During neocortical development, there are two important events, including expansion of the neural progenitor pool through symmetric divisions, and generation of neurons via asymmetrical divisions that lead to a serial process of neuronal polarization, migration, and layer-type specific phenotype acquisition. The mechanisms underlying these processes remain poorly elucidated. Here, we show that the transcription factor Zeb1 regulates the orientation of the cleavage plane of dividing neural progenitors, neuronal polarity, and migration. Upon Zeb1 removal, the cleavage plane of mitotic neural progenitors fails to orientate vertically, resulting in random orientation and premature neuronal differentiation. Consequently, these extra number of precociously produced neurons migrate aberrantly to the upper layer. Mechanistically, we show that Zeb1 suppresses Pak3, a p21-activated serine/threonine protein kinase, through formation of a functional repressing complex together with methyltransferase PRMT5 and Pak3. Our results reveal that Zeb1 plays an essential role in neocortical development and may provide insights into the mechanisms responsible for cortical developmental diseases.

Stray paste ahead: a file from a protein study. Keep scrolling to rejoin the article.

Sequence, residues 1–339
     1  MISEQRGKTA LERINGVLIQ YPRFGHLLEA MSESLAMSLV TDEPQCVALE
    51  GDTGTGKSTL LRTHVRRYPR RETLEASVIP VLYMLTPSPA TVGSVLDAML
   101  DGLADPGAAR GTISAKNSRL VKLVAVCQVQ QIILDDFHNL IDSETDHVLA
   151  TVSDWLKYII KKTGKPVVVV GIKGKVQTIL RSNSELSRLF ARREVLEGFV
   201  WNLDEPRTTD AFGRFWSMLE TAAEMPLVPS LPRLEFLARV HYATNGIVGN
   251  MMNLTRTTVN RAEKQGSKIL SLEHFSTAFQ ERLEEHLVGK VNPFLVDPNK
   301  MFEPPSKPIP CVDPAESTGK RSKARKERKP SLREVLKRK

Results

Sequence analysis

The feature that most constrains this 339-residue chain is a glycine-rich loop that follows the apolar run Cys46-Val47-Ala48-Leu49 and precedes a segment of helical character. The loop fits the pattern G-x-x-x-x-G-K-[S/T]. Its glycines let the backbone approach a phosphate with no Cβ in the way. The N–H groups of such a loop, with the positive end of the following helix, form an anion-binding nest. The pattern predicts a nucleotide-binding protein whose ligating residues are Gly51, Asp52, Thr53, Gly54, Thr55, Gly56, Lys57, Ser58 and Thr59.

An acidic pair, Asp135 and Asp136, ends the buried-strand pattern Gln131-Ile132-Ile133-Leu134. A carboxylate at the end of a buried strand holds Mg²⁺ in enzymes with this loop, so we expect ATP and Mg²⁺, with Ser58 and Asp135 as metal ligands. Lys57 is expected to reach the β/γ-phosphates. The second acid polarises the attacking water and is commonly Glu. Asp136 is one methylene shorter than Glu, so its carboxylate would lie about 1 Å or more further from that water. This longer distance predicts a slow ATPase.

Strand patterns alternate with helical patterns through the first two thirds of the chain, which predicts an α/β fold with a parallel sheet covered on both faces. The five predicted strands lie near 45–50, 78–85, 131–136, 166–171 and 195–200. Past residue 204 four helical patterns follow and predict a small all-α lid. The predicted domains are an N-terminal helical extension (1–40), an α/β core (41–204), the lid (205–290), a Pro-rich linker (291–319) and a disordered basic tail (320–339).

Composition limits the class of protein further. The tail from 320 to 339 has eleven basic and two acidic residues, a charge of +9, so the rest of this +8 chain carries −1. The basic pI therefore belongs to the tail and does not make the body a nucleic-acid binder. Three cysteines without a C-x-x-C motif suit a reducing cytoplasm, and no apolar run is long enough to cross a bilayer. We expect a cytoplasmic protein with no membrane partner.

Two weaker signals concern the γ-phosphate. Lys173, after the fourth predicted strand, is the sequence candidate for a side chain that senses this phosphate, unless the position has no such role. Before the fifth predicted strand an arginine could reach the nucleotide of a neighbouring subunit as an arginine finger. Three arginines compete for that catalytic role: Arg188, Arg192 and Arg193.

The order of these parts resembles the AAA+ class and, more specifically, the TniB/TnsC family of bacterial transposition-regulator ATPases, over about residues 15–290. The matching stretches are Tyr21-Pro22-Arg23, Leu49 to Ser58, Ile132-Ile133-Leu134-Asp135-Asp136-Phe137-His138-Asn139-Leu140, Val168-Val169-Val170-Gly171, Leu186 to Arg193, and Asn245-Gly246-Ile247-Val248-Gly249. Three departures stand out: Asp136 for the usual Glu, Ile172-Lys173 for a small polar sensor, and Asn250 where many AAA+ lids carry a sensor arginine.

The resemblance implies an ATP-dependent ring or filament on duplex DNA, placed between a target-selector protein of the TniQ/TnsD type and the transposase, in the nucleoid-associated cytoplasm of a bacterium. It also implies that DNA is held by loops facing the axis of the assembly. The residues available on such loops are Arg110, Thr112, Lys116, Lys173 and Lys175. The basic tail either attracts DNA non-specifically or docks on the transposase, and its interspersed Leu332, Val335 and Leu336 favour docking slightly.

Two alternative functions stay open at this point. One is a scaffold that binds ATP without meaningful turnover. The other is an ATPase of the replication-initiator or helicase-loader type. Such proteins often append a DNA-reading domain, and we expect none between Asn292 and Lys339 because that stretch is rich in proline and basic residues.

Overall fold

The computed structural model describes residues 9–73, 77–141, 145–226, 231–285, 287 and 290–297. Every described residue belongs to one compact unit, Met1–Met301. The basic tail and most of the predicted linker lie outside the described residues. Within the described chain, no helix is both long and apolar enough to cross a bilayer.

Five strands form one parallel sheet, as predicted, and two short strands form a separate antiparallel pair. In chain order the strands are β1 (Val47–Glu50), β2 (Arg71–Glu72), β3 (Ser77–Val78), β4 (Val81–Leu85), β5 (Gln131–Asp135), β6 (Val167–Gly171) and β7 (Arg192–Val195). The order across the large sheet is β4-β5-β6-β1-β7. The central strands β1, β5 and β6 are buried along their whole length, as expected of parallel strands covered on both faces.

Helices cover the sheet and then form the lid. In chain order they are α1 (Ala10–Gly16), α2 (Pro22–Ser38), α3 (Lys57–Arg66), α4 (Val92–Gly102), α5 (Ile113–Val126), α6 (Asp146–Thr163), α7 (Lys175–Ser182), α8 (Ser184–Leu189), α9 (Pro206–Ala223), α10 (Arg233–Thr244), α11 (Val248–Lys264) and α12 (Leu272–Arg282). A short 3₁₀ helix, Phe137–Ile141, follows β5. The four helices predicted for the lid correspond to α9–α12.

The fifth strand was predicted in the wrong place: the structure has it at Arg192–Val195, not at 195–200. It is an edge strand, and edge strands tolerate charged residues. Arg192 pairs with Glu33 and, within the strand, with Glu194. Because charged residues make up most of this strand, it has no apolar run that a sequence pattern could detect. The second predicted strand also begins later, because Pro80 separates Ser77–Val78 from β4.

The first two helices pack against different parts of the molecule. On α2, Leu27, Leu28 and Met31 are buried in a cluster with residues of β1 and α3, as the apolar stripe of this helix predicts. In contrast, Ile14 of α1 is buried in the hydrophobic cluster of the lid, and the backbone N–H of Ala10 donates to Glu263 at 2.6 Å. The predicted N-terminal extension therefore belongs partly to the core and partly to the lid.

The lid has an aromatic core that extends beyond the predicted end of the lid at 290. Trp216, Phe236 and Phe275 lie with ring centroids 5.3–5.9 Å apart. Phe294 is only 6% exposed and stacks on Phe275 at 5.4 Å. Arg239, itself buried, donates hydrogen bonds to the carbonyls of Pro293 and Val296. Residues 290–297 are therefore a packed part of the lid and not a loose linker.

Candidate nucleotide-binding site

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This study was supported by funds from Ministry of Science and Technology of the People’s Republic of China (2017YFA0102900 to WQG), National Natural Science Foundation of China (81872406, 81630073 to WQG and 81773115 to WX), Science and Technology Commission of Shanghai Municipality (16JC1405700 to WQG), High Peak IV fund from Education Commission of Shanghai Municipality on Stem Cell Research (to WQG) and KC Wong foundation (to WQG) and SJTU interdisciplinary grant (YG2017MS52 to WX).
Conflict of interest
The authors declare that they have no conflict of interest.
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Edited by N. Bazan